Choose a matching (or maybe a contrasting) American style fridge with rounded edges in candy colours. SMEG also have a great range of white good to match such as washing machine.
Finish the look with my key vintage accessories:
Tala Kitchenware: The 1950s love of baking was boosted by Tala kitchenware. They designed practical metal items such as icing cones, melon scoops, baking trays and the Cook’s Measure. This was a dry measure made from enamelled metal in a cone shape. It was designed with various popular grocery items listed inside with a line that highlighted the weight of the item once the cone was filled. This made baking easier as flour could be weighed in seconds. Adverts appeared on the back of magazines such as Ideal Home, with the catchphrase “For Beauty and Efficiency” which were the two important features in kitchen design now. If you are baking using vintage cookbooks, then the cone is ideal as it measures in the American method of cups, as well as ounces and pounds.
Pyrex: At the start of the 20th century the American company, Corning Incorporated, developed a new borosilicate glass which could withstand extreme temperatures. Originally designed to be used in railway lanterns, they soon discovered that this glass would make great bake ware when one of the executive’s wives suggested it. It was branded Pyrex in 1915, a flan dish was launched and by selling licences to other countries to manufacture the material, this became one of the most successful kitchen brands in history.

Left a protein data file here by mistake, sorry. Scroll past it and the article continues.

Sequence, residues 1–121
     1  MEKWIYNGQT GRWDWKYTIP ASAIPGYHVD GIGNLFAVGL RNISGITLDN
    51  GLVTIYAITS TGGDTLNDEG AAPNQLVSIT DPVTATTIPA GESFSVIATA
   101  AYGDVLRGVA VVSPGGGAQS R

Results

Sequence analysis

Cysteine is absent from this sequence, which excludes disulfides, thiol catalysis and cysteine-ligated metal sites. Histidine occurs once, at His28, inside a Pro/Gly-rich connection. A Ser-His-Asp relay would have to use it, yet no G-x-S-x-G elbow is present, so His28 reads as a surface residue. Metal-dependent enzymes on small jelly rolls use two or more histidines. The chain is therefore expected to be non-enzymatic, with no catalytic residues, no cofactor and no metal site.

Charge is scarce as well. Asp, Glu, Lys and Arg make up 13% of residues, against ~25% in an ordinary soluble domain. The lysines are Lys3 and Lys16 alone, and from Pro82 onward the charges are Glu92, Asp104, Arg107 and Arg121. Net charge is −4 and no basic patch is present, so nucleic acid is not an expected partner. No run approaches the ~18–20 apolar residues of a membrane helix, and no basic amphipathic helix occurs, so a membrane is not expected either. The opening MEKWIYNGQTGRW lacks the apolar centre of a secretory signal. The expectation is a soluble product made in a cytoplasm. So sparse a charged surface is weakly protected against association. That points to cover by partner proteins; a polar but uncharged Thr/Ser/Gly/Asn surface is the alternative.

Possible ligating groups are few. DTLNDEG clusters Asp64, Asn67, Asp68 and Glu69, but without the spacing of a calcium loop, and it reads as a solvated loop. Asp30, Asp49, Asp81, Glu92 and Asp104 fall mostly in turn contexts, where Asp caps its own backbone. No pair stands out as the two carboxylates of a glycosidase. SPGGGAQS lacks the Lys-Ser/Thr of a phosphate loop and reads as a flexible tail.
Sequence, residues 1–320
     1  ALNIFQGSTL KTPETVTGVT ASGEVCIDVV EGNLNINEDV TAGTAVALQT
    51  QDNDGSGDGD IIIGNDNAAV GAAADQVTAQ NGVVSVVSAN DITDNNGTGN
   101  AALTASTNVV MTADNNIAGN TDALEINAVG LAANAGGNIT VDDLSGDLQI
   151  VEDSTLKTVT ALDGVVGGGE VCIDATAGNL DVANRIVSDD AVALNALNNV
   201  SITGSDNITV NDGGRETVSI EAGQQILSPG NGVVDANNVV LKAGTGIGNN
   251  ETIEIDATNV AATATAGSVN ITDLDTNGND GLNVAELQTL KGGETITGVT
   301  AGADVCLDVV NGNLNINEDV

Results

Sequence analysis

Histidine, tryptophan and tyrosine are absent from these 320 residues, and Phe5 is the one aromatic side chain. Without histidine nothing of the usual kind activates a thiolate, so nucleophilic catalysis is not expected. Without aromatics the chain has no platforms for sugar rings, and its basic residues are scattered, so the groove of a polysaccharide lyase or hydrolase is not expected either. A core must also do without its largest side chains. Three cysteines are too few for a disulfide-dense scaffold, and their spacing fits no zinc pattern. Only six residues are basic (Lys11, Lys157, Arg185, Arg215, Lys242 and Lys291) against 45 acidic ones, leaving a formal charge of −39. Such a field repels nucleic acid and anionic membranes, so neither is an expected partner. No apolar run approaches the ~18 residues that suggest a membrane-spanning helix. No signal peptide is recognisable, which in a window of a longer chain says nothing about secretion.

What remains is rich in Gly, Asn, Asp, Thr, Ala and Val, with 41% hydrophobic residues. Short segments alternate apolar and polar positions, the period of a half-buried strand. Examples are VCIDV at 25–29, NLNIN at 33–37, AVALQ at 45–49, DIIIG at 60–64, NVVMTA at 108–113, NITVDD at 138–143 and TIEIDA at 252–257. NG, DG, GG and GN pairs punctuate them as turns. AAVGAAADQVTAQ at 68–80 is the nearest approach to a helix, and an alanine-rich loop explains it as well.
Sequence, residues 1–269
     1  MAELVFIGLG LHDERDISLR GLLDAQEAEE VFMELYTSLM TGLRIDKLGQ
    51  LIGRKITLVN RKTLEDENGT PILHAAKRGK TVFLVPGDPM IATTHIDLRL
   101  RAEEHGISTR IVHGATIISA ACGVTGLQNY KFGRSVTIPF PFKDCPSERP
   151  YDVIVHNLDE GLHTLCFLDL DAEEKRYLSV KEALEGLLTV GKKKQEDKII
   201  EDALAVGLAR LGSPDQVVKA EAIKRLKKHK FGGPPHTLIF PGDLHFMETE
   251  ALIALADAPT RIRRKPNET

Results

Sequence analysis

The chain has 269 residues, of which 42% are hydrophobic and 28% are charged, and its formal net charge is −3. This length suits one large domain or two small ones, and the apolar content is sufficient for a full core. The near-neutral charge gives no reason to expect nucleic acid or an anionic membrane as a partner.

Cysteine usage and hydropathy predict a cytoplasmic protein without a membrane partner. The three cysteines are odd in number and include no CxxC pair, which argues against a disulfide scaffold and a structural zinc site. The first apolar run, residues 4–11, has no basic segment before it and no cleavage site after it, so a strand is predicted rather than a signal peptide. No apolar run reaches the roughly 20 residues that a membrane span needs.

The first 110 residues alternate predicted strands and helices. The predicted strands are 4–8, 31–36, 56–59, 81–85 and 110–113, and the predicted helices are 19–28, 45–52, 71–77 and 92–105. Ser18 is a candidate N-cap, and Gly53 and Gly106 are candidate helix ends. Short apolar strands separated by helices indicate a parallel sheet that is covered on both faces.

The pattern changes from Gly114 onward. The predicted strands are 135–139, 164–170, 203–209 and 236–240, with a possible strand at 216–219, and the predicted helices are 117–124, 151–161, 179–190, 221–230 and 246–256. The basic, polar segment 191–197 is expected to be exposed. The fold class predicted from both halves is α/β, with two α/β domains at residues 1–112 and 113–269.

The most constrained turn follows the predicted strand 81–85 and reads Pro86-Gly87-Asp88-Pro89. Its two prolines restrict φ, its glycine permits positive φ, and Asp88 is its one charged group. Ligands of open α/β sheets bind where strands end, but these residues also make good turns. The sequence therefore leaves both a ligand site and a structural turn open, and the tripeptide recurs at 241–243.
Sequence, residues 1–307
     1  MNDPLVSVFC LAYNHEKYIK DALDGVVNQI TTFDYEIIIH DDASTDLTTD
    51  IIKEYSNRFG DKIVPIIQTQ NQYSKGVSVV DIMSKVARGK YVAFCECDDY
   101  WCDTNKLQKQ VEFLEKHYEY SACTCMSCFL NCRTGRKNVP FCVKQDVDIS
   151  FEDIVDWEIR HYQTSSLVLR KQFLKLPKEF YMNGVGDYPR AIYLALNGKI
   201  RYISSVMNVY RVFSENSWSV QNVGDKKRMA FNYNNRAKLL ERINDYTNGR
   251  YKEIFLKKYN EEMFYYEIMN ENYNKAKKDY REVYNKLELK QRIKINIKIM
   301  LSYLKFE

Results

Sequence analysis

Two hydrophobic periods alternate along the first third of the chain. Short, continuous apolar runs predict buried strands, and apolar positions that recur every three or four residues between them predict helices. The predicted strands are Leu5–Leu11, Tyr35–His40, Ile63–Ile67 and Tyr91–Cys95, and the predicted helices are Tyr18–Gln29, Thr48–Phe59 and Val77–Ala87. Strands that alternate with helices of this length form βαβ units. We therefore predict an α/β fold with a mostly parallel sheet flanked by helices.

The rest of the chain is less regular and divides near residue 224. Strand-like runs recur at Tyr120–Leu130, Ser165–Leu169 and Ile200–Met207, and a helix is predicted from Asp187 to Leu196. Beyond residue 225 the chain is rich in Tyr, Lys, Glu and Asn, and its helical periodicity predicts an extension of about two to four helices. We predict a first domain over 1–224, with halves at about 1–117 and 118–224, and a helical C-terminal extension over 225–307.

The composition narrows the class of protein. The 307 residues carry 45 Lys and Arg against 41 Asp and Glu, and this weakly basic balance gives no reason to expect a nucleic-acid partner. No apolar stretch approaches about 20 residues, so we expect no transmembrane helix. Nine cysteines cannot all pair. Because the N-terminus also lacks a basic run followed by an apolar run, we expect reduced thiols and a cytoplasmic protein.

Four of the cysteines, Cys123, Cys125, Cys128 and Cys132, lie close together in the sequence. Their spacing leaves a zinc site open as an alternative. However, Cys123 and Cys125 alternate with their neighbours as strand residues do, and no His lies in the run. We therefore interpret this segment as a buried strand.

In the UK, James A Jobling from Wear Flint Glass bought the licence and redesigned the look of the pieces to fit in with current trends. One of the most successful periods for JAL Pyrex was the 1950s with their coloured bakeware. Casserole dishes were made in pastel colours with clear lids and white snowflakes and flowers adorning the sides. Replacing old metal trays this new look made baking a pretty event which fitted in perfectly with all the modern kitchenware.
Homemaker Tableware: After almost a decade of plain coloured china people fell in love with modern patterned tableware that would become the norm in the 1960s. The most recognisable design was called Homemaker by Ridgeway, with its black and white hand drawn images of fashionable furniture styles aimed at young people setting up home for the first time. A Robin Day chair, a Gordon Russell sideboard and a boomerang table are sketchily drawn on the white ceramic. Designed in 1955, it became the first mass produced tableware sold through Woolworths.
Melamine: Plastic became a kitchen staple in the 1950s due to improved methods of manufacturing. While Tupperware was changing the way, we stored food, melamine crockery was fast overtaking bone china to become the tableware of choice. So much so, that families weren’t just using them for their annual camping trips but also for their monthly dinner parties. Traditional ceramic companies such as Midwinter even designed their own versions.
Where to buy
For true vintage 1950s kitchen accessories check out Etsy online or visit a vintage fair or festival. My personal favourites are The Festival of Vintage held in York and The Vintage Home Show. If you want a modern version visit John Lewis or Tala Cookware.
This is my article from Real Homes Magazine. All photos by Simon Whitmore from my book Style Your Modern Vintage Home.